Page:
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All about psoriatic arthritis

20 September 2017

Psoriatic arthritis can make it both difficult and painful to move around – but plenty can be done to manage and treat the condition.

You may also see a physiotherapist to help maintain joint mobility if you have psoriatic arthritis. Picture posed by models.

Psoriatic arthritis (PsA) is a long-term condition in which one or more joints become swollen, stiff and sore. People with PsA also have, or may later develop, the skin condition psoriasis. This causes itchy red skin patches with silvery scales, known as plaques.

PsA typically targets the elbows, knees, hands, feet and base of the spine – but other joints, as well as surrounding tendons and ligaments, may also be affected.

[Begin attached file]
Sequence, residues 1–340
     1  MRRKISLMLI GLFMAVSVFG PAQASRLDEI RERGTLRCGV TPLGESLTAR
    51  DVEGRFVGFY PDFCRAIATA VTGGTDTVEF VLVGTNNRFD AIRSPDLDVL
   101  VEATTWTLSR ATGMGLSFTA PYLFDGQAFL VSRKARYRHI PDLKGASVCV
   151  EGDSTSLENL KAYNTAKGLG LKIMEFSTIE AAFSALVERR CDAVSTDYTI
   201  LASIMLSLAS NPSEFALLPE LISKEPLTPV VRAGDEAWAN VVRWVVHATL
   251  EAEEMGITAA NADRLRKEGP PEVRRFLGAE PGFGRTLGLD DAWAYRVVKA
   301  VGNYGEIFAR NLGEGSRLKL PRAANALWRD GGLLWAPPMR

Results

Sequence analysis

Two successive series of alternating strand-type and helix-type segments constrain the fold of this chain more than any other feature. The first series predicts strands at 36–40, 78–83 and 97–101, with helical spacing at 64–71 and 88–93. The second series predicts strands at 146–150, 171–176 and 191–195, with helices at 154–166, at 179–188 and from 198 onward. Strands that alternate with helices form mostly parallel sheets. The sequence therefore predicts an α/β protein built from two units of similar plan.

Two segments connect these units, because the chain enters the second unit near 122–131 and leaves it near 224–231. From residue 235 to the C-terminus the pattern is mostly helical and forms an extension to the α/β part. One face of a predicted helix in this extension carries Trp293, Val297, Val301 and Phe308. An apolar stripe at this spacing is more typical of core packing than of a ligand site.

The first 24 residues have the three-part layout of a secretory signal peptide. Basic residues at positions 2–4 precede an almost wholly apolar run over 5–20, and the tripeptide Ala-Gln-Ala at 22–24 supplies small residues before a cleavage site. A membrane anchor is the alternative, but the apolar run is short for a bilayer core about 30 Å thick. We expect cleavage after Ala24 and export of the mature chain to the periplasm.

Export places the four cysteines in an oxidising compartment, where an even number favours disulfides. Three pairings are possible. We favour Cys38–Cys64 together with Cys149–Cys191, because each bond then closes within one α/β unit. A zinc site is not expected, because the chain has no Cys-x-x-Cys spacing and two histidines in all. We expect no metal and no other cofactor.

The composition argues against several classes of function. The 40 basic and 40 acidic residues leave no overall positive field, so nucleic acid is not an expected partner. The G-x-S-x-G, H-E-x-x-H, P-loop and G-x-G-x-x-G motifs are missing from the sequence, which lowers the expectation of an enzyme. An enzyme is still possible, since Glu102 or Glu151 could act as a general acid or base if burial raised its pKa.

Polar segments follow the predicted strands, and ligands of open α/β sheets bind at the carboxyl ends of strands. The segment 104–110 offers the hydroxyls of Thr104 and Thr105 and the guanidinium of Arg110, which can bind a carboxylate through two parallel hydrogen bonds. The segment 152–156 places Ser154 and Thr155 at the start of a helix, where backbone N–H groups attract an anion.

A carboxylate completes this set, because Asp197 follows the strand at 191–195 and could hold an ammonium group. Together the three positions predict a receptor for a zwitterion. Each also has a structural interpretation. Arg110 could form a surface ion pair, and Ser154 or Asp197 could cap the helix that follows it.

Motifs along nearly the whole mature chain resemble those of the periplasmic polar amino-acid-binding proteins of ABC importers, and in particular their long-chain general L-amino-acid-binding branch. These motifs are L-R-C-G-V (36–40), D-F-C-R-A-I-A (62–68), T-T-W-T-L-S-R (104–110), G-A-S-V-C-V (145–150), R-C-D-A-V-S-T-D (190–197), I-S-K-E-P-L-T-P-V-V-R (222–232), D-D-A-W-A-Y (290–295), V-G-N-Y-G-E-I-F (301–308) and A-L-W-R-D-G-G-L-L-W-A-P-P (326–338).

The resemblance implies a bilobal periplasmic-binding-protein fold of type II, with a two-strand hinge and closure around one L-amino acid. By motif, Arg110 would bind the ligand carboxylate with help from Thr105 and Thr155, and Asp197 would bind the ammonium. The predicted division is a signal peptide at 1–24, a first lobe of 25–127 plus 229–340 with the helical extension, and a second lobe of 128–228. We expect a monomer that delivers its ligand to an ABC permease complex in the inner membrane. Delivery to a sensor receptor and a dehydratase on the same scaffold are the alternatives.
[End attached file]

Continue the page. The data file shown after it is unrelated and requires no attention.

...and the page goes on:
The condition usually affects different joints on each side (asymmetrical PsA). However, it may occasionally affect the same joints on both sides of the body (symmetrical PsA).

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Is there a link between psoriasis and arthritis?

Up to 70 per cent of people with PsA develop psoriasis first – but in a few cases, arthritis appears before the skin condition.

But having psoriasis certainly doesn't mean you'll go on to develop PsA. About five to seven per cent of the UK population suffers from psoriasis. Around one-fifth of these people will also develop PsA.

Learn more about psoriasis causes and triggers

Can psoriasis affect your joints?

Psoriasis tends to affect the elbows, knees, scalp, area between the buttocks and on scars, and can become very sore when scratched.

Arthritis and psoriasis usually remain independent of one another in people with PsA, although stress in particular can trigger flare-ups of both conditions.

Aching joints: what's the cause?

Is psoriatic arthritis a serious disease?